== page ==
How to Help when therapy is needed

If someone else is struggling, are we being intrusive or caring when we encourage them to seek therapy from a psychologist

Sometimes we see friends, relatives, or even coworkers emotionally struggling. And yet, we feel stuck;

  • Should we mind our own business instead of getting nosy and intruding on someone else’s private life?
  • Should we take responsibility to show caring and compassion in a way that may make a difference in someone’s life?

The answer, if there is one, is complicated. We don’t want to intrude rudely, but we do have a responsibility. So, what can we do?

A lot depends on the type of relationship we have with them, and how severely they seem to be affected. In a long-term committed relationship built upon trust, we can be pretty open. Start with your own emotions, such as concern. In a casual relationship, or with an acquaintance, we have to be careful. Try a light “feeler,” such as “hard day, huh?” and go from there.

Let’s look at:


  • act out of anger, impatience, or other negative emotions
  • make threats; “either you see a shrink or I’m out of here.”
  • be controlling or bossy.
  • make critical remarks about their behavior


  • pick a quiet, confidential spot
  • start out casually, but show concern
  • self-disclose your own nonthreatening emotions
  • listen more than talk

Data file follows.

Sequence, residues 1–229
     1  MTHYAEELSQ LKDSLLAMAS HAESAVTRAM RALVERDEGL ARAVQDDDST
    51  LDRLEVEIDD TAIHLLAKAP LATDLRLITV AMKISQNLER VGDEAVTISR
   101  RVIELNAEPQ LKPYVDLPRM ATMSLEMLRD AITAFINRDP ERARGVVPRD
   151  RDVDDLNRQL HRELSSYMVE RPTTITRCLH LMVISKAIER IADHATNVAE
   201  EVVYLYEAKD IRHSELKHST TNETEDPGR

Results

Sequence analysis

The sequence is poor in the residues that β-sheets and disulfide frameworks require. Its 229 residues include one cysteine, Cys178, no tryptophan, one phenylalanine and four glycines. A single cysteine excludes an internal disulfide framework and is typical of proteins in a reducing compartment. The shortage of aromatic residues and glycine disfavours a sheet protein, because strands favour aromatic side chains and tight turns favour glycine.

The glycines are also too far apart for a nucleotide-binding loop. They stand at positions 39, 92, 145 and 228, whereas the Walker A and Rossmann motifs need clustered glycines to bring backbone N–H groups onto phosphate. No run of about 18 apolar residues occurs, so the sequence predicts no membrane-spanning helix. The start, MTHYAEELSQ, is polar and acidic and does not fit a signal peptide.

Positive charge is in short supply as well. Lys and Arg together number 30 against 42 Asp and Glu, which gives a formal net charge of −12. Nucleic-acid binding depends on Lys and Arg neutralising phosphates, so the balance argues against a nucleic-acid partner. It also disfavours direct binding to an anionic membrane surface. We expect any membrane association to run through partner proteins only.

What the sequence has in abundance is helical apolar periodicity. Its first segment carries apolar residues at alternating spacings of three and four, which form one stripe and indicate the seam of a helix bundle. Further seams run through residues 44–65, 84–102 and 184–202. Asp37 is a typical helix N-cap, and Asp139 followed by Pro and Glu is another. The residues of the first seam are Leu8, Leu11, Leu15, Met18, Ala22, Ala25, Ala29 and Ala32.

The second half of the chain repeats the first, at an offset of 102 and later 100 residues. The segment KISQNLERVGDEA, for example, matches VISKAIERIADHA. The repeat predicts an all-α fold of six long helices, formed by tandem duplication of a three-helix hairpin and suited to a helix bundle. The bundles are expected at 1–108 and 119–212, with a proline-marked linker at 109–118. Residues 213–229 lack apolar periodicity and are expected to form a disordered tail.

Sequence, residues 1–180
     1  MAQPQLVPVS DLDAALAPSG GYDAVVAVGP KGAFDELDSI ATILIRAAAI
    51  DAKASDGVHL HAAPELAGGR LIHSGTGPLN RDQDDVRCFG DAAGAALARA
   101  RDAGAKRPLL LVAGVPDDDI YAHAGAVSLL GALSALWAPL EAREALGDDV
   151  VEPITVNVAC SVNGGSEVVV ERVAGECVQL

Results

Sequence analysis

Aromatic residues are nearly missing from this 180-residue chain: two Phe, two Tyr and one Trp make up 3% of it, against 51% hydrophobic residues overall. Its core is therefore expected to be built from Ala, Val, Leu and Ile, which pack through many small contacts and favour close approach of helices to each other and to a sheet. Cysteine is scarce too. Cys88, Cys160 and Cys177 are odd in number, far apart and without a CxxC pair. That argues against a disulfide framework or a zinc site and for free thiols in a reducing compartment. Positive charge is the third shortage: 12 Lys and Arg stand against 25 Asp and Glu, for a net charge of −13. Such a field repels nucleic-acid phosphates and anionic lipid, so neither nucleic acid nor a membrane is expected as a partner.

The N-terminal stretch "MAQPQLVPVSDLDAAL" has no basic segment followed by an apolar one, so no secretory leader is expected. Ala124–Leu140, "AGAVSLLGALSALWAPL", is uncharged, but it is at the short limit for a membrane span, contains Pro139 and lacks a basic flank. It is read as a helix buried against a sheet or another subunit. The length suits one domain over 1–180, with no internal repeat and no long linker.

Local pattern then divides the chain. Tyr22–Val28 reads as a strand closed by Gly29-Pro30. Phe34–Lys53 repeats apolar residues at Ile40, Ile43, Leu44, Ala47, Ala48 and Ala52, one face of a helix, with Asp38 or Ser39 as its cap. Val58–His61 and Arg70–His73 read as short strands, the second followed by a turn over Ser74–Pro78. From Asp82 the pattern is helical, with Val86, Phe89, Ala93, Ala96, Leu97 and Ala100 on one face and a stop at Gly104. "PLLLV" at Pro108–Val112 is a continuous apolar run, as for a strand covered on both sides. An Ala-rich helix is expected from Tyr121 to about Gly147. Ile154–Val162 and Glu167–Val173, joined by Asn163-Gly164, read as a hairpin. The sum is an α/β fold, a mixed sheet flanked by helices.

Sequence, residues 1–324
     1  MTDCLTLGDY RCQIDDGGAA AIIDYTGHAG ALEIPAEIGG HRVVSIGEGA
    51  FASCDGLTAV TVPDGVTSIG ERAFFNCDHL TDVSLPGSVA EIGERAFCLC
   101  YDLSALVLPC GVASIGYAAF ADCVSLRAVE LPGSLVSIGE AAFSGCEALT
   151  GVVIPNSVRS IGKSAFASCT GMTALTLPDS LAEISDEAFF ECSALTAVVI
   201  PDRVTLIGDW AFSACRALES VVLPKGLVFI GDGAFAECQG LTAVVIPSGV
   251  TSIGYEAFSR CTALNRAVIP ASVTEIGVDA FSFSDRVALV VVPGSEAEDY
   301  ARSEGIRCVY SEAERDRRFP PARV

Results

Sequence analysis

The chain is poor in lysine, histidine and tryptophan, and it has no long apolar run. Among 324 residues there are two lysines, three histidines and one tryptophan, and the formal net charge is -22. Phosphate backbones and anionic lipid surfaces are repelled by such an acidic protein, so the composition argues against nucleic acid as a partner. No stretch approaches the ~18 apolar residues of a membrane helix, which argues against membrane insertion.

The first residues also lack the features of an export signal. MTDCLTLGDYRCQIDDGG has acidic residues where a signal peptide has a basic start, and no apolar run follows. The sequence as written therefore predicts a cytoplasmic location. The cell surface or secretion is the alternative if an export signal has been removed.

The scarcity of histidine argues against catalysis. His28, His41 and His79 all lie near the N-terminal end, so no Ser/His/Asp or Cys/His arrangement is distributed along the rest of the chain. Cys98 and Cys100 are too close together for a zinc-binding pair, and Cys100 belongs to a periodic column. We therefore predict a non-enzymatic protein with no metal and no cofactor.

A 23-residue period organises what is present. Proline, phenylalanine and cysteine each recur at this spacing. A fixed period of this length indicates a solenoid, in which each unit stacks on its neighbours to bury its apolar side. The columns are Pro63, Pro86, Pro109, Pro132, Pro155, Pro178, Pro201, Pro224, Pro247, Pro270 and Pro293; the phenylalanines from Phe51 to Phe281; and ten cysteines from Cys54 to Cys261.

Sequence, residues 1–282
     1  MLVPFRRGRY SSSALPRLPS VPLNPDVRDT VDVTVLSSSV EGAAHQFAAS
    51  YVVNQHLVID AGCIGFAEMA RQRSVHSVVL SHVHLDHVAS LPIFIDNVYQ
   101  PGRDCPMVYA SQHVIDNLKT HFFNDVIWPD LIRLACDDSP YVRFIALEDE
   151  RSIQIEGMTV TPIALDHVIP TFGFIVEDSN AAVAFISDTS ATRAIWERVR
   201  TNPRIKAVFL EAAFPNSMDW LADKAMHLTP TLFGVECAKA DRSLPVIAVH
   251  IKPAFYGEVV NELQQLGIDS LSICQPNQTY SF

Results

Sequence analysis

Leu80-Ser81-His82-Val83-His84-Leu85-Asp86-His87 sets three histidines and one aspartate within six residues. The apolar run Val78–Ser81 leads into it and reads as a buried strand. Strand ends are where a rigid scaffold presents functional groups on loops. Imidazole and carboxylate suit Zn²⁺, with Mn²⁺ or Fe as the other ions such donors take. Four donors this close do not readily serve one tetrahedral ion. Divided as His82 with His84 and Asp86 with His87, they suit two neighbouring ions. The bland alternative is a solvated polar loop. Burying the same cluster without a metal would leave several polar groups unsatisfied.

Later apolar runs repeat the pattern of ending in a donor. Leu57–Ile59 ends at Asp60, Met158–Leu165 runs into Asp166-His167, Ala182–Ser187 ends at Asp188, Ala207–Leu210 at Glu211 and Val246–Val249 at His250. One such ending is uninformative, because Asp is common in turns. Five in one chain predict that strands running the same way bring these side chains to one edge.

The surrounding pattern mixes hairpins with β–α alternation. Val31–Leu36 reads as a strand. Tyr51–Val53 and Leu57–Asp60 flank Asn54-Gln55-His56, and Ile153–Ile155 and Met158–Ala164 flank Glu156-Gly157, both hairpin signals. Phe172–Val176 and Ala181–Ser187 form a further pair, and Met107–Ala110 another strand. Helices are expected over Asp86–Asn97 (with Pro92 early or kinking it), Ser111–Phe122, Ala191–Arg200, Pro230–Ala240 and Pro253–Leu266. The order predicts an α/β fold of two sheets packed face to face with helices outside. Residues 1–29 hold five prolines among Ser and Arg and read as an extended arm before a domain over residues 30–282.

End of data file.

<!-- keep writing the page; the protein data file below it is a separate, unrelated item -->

• avoid the word “help.” Some (mostly men?) interpret that as meaning they are incompetent
  • if you spot an opening, try a Call to Action; ‘’Hey, I hear there’s a really good doctor in town. Let me give you the phone number.”
  • In a close relationship, offer to go with them
  • Be patient  –  you may be dismissed the first try

You’ll probably get 1 of 2 reactions: 1) they will welcome the concern, as they were looking for a direction 2) they just aren’t ready yet. I think you’ll know pretty quickly which is which.

Rollin S Rhodes PhD

Licensed Clinical Psychologist     Ask for a free Consult:

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Disclaimer – This site is for informational and educational purposes only. The information is not intended to assess, diagnose, or treat any medical or mental health condition. Reading these articles does not constitute a patient-therapist relationship. Any decisions or actions taken by a reader are fully the responsibility of the reader. If therapy is required, see a qualified licensed provider. If there is a risky or emergency situation, contact your provider, Emergency Room, or call 988.

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